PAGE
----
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Computation

Reading your own cognitive decline

I recently attended the Digital Humanities section of the annual Canadian academic Congress. Ian Lancashire of the University of Toronto was on my panel and he gave a very moving paper on the correlation between language decline in writers and the onset of alzheimers. His most famous paper on this …

The Visual Text

One of the things I’ve been thinking about recently is what happens when books, in the form of electronic interfaces, become far more visual than textual. Take for example Ken Perlin’s new Pride and Prejudice interface. It allows you to see the whole book as an image in the right …

All A are not B

An excellent new event put on by Triple Canopy on the aesthetic dimensions of the “diagram.” As they write: Approaching the diagram in such a way—as an epistemological figure—means questioning the nature of relationships between things and how we perceive them, and how we understand our own subjectivity in relation …

Artificial Creativity

A very interesting interview at Spark with Michael Cook, a PhD student at Imperial College in the UK. It concerns the question of “artificial creativity,” which is basically artifical intelligence (A.I.) moving into the arts. One of the most difficult issues surrounding this field, I think, is the way it …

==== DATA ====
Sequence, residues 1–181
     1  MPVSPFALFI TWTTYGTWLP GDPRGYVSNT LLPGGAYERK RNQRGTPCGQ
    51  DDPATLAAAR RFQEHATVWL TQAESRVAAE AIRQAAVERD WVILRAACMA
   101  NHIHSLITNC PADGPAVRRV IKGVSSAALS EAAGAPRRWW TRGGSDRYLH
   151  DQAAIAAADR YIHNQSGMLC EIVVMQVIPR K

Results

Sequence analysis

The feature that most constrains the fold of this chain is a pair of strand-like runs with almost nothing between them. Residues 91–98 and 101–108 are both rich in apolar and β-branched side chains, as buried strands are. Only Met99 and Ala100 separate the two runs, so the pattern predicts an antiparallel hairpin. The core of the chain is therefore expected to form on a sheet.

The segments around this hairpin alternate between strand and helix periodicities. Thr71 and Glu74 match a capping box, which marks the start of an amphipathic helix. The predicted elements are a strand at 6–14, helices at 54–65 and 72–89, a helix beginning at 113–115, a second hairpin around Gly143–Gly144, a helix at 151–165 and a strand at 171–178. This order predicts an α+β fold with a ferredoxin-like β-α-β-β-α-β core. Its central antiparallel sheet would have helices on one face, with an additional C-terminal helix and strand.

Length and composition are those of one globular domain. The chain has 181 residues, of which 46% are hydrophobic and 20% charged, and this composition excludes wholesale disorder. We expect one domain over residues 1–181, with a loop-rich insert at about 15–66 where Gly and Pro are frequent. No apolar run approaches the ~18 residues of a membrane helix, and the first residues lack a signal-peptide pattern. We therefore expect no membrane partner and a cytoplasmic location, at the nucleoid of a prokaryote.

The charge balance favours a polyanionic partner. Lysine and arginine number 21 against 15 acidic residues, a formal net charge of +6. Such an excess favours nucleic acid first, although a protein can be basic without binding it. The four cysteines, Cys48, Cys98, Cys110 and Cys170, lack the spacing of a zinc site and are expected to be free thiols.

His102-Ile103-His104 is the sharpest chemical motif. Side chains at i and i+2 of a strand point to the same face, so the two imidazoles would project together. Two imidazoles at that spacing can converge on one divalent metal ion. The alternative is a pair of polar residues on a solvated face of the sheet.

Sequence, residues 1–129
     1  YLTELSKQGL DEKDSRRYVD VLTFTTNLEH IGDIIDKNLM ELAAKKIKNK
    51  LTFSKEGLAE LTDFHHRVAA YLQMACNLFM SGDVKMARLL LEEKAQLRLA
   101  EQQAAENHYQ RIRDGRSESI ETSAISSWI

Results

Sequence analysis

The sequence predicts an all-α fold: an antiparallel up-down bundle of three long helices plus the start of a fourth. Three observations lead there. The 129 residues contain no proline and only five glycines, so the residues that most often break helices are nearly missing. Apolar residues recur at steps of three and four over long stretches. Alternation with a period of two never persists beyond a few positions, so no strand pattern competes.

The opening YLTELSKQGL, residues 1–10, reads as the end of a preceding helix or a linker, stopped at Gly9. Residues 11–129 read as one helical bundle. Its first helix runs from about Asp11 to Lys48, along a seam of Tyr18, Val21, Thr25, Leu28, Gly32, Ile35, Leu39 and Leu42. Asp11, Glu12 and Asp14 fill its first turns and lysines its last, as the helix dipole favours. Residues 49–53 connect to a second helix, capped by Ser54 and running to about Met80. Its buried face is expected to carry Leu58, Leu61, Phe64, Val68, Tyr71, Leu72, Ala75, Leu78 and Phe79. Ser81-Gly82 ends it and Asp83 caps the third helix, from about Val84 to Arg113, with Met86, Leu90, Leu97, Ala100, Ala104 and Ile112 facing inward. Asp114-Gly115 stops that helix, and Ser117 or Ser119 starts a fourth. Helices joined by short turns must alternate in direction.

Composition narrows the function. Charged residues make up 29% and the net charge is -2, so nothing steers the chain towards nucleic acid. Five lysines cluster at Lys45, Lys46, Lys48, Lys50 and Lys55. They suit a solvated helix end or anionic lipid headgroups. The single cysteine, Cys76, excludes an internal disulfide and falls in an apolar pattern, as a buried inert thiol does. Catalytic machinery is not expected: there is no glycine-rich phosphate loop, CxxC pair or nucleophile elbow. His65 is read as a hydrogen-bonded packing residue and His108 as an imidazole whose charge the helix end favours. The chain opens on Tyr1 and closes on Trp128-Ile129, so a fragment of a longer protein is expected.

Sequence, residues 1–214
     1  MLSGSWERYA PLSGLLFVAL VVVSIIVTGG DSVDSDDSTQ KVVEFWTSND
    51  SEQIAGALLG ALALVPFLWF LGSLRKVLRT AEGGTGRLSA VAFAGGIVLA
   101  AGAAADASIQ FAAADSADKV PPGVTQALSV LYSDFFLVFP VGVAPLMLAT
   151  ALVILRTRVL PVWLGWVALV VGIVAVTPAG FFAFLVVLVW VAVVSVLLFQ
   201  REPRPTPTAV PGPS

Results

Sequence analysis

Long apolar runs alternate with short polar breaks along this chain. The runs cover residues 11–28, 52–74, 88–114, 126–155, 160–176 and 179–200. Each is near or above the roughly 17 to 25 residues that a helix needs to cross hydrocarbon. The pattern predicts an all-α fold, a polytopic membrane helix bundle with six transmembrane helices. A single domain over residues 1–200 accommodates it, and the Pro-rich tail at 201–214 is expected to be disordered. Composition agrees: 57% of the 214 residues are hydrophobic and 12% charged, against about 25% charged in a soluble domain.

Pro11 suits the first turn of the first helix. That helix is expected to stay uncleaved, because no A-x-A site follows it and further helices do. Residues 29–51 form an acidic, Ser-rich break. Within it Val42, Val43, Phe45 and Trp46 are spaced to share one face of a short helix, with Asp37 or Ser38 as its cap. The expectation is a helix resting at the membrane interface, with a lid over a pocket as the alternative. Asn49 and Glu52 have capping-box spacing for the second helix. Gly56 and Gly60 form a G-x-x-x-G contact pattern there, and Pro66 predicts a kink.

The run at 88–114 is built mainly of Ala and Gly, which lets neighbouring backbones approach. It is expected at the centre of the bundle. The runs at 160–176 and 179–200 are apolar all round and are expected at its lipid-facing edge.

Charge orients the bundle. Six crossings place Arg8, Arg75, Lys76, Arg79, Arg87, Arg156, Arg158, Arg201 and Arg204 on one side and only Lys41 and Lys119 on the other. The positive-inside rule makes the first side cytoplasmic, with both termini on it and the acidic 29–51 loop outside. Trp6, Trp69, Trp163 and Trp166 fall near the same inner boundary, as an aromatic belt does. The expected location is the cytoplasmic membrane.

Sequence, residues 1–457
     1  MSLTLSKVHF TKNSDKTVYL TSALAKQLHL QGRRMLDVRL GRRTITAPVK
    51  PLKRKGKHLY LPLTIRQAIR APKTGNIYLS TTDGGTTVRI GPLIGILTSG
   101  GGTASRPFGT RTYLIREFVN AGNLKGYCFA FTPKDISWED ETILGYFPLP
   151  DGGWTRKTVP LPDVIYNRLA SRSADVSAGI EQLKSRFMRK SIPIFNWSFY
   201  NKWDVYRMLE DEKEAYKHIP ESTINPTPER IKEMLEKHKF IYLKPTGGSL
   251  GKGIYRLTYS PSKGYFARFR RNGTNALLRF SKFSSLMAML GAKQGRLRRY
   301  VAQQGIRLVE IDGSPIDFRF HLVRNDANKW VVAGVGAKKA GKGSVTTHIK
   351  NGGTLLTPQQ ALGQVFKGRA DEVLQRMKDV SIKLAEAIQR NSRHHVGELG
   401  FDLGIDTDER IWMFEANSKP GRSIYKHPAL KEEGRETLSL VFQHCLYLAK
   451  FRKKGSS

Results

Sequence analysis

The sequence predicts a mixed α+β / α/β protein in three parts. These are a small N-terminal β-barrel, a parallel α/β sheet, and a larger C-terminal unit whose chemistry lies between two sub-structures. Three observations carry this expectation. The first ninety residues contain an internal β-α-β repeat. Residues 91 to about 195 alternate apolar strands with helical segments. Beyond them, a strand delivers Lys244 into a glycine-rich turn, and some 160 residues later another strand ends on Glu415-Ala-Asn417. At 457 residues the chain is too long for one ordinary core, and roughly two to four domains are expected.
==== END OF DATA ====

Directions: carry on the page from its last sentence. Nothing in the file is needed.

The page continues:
Autobook

An uninspired piece at the New York Times on machine-generated books by Pagan Kennedy.  It should come as no surprise that an author who makes money writing for a living would disapprove of the idea. Actually the books are just quickly mashed-up wikipedia articles, so there is very little machine in …

Killer App

I recently gave a talk at the English Institute at Harvard on the history of the relationship between tactility and reading. My main aim was to think through new digital reading practices within a longer history of the handedness of book reading. There were many challenging questions at the end …

Beyond Google

A nice interview with Siva Vaidhyanathan on Spark about his new book, The Googlization of Everything. Among his many critiques, the one that really stuck with me was the narrowness of the Google algorithm. Google’s succes has depended on developing the most efficient search algorithm of the vast trove of …

The $23 million book

A great piece by Michael Eisen at his genomics blog on a science textbook whose price on Amazon marketplace ran up to $23,698,655.93 (plus $3.99 shipping). How did this happen? The story is actually straightforward and has to do with algorithmic pricing employed by used booksellers. One company, profnath, had …

The Forensic Effect

As I’ve written previously, much of the future of reading will be shaped by an increasingly computational relationship to our reading material. Whether it is recommendation engines that help determine what we choose to read; algorithmic rules that generate individualized texts based on our personal data or reading habits; or …